Expanding on the ALT-C #LTHEChat
On Wednesday 30th August there was an #LTHEChat hosted by the ALT-C 2023 co-chairs, Santanu Vasant and Lawrie Phipps.
LTHEchat will host a summer special chat led by #altc23 Conference Chairs Santanu Vasant and Lawrie Phipps. Dual hashtags will be used #altc23 and #LTHEchat. This special summer special takes a look back at 30 years of educational technology as the Association for Learning Technology (ALT) celebrates 30 years, as do Jisc, and the Staff and Educational Developers Association (SEDA). Educational or Learning Technologies have shaped higher education, especially in recent years during the pandemic, but the history of educational technology goes way back. In this LTHEchat, we ask you to remember your first experiences of learning technology in a work setting, what learning technology might be, if we had unlimited financial resources, what new ‘next big things’ didn’t take off and what do you remember from previous ALT Conferences?
I had initially planned to participate, but in the end, I went to the cinema instead.
So the following morning I did some responses to the prompts from the chat. I thought though I would expand on some of my answers to the different questions in a blog post to go beyond the character limit on the Twitter.
As a result I have written six different blog posts.
Q4 Which ‘next big thing’ that didn’t quite take off do you most remember?
I probably have a list….
There was often a lot of excitement about these technologies, but they never had that big impact that people thought they would.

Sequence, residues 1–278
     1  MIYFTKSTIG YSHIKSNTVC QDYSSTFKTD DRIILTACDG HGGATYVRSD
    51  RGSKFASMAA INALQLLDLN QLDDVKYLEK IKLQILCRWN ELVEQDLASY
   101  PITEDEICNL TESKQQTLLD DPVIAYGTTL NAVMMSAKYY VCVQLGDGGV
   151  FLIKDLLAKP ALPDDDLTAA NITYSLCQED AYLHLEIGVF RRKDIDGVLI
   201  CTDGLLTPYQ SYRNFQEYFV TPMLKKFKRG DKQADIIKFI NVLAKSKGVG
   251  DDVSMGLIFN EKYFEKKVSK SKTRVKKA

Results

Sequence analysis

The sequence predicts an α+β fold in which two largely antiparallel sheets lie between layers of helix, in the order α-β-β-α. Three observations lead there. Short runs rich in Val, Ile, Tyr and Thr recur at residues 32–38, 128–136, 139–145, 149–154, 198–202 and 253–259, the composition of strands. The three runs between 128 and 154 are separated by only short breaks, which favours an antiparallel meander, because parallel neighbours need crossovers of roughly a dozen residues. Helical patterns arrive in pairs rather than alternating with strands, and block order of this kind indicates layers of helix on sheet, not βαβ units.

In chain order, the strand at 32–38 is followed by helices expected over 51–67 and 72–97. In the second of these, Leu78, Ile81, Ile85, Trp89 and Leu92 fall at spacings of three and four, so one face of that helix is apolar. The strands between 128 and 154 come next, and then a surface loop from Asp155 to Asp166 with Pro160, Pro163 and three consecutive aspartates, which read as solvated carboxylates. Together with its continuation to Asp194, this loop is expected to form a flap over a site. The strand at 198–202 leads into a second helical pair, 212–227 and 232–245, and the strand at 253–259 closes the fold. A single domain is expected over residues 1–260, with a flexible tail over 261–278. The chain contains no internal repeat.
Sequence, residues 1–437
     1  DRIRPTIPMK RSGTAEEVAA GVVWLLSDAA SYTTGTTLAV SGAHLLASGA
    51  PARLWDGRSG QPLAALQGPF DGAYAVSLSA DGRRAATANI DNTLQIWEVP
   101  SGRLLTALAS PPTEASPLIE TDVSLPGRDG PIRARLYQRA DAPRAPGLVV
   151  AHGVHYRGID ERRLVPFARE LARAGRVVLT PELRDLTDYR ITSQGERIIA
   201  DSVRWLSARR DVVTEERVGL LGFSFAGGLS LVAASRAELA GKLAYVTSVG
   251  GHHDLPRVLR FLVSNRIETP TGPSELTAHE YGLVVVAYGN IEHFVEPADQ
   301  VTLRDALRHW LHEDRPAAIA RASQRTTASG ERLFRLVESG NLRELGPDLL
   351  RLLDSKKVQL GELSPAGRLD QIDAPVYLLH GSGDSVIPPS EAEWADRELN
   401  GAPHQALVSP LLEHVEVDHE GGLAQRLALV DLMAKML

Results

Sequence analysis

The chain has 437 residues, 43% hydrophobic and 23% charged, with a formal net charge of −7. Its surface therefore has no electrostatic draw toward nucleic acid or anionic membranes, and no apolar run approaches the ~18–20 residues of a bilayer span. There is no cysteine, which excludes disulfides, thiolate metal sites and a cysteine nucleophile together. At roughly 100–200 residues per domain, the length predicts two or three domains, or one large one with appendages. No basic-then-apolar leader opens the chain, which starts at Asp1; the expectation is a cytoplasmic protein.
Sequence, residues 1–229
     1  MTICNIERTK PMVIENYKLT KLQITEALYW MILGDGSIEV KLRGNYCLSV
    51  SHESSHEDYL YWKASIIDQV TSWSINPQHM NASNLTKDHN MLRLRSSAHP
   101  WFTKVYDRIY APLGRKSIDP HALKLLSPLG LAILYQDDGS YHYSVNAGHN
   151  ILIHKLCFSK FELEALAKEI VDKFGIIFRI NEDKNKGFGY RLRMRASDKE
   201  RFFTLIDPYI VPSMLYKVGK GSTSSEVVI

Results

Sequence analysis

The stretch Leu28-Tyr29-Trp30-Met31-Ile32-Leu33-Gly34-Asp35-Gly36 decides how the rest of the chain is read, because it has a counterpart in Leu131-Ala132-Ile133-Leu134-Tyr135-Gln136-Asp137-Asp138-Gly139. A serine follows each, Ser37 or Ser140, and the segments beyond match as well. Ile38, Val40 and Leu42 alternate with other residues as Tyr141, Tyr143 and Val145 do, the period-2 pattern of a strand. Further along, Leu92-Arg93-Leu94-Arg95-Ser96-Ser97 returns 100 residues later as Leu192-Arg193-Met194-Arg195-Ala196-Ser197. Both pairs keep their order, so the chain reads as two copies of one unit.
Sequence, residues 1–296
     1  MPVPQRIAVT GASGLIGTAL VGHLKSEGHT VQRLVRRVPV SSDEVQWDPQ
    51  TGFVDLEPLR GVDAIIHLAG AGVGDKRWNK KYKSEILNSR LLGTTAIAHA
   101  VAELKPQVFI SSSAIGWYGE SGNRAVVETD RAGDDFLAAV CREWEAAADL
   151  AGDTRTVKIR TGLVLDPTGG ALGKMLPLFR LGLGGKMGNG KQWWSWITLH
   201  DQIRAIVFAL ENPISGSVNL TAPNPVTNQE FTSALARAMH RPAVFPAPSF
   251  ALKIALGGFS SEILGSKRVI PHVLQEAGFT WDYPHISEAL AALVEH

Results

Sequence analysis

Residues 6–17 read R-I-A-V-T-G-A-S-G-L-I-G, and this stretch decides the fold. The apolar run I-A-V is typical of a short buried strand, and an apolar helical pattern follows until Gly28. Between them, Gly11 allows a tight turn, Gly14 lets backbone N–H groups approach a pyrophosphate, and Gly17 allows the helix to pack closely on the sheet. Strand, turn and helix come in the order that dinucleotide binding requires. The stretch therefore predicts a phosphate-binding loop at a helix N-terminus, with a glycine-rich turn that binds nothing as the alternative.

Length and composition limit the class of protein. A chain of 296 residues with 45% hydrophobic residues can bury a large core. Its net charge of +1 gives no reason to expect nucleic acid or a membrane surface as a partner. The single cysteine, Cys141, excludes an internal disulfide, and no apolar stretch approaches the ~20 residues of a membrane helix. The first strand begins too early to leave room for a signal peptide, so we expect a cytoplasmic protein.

For those of us involved in extreme e-learning or technology enhanced learning, we sometimes focus on the innovative, the exciting, the new, the shiny stuff. Well it’s where we want to be isn’t it, cutting edge and all that? We want to be using iPads, Android Tablets, the latest and best Web 2.0 tools and services. We get so excited at times that we even do projects and research on them, before writing it up, putting the stuff on a shelf and moving to the next new shiny thing.
So thinking about this tweet I was trying to think of something that did take off….
Probably PowerPoint. The use of email is another thing that did take off.
The main reason why these technologies are important is that the majority of practitioners within an institution will not be at the cutting edge, will not be using all technologies innovatively. This means when planning training and staff development it is vital that dull technologies are included and allowed for. Just because we are bored with something doesn’t mean that someone else in your organisation will find it exciting and just the thing to solve the particular problem they are facing.
Dull as in not shiny rather than, dull as in boring.